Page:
Rod Serling got his start in writing by writing boxing stories (a radio play he’d written won a contest) and quite a few of the most affecting of the episodes of his old Twilight Zone series were boxing stories. I’m thinking of stories like The Big Tall Wish and Steel. The greatest teleplay ever written, Serling’s Requiem for a Heavyweight, is a boxing story.
I recall a story from the old Rod Serling’s Night Gallery series, The Ring With the Red Velvet Ropes. This is, of course, a boxing story. In this story, based on a short story by Edward Hoch, every winner of the world’s heavyweight boxing championship, on the moment of his victory, is transported to a sort of hell in which the real championship bout is fought. If he wins, he is returned to his life but forever after he has a sort of haunted look, knowing who the real champ is. If he loses Well, that would be telling. You’ll have to seek out the episode and watch it for yourself.
I’ve occasionally wondered about this story in a political context, particularly with respect to the presidency and especially with respect to foreign policy. There’s been a remarkable continuity over the years in American foreign policy. For details on how and why this might actually be see Walter Russell Mead’s book, Special Providence.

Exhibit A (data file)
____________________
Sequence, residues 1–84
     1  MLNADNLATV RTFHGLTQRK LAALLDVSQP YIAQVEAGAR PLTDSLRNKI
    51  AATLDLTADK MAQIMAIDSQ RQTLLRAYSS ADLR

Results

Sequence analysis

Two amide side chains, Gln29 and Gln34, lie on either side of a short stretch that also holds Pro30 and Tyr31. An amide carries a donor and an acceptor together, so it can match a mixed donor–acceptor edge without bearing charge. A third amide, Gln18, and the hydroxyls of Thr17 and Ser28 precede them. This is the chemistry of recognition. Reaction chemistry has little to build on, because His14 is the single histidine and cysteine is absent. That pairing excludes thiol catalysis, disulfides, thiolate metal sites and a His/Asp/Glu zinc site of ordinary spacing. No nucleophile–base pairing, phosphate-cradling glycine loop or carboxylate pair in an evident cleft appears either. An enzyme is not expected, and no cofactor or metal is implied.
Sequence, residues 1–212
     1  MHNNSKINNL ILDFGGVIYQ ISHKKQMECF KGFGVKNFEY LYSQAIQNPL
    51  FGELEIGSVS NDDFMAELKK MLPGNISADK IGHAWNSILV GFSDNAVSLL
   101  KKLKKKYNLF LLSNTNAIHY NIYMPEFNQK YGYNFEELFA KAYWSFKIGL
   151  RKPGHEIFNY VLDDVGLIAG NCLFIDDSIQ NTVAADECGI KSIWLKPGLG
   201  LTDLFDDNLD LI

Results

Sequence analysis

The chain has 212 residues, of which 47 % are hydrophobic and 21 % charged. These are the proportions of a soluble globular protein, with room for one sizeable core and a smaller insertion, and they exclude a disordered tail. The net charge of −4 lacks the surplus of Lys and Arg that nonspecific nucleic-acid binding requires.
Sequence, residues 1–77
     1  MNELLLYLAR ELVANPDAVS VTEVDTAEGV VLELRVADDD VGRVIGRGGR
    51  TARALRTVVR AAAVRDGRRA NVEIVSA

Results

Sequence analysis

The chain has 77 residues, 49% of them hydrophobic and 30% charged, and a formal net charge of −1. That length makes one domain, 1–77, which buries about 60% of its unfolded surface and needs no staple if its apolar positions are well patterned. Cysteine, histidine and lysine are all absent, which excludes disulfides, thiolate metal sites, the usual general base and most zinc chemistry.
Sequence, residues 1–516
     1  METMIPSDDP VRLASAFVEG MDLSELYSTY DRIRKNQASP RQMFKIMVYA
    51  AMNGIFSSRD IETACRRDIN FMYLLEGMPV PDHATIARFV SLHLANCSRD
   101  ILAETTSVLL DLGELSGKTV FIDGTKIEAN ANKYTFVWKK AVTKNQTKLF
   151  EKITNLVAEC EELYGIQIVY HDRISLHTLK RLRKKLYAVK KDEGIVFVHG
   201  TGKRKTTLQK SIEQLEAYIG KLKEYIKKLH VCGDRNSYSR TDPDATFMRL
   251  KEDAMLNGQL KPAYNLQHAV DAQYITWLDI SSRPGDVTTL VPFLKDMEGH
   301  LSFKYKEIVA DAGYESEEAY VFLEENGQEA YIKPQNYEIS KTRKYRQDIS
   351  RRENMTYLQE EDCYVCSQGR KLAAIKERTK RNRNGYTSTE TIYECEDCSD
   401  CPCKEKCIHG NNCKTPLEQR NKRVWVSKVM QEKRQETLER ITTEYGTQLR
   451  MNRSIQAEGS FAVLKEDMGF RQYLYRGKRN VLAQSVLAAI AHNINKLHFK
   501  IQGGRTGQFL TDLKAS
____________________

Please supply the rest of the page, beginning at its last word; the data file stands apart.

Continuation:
Whatever platform they might run on, presidents seem to continue with an evolutionary foreign policy rather than a revolutionary one. I wonder if this isn’t as true with George W. Bush as with the presidents that came before him.
I do not subscribe to the error theory of why the Iraq War has turned into such a mess by nearly anyone’s yardstick. According to this theory, the invasion was a good idea that was soured by a series of errors, mostly made by Bush Administration officials. The disbanding of the Iraqi Army is often pointed to as such an error. So is de-Ba’athification, the conduct of the CPA, letting al-Qaeda re-group in Fallujah, and a host of other things.
I disagree. I think that the invasion was a bad idea that could not have been redeemed however deftly handled. I’m skeptical, however, that a better outcome can be achieved by withdrawing our forces from Iraq before the place is significantly more stable than it is now however awful the situation there.
But here’s my question. Is the error uniquely George Bush’s? I know that Dan Nexon of The Duck of Minerva, for example, whose opinion I respect enormously, believes with all his heart that Bill Clinton would never have invaded Iraq if he’d been president in 2001 (and 2003). Nor would President Gore. Or McCain. Or President Hillary Clinton. Is that true?
Do not think for a moment that I’m trying to mount a defense of GWB. That’s not my intent. I didn’t vote for him in 2000, I didn’t support the invasion in 2003, I won’t defend him now. What I’m looking for is real evidence, from the 2001 to 2003 timeframe, that only George Bush, with a unique genius for miscalculation, would have invaded Iraq. Or is President Bush just another president with a sort of haunted look, compelled by the exigencies of events, politics, and the presidency?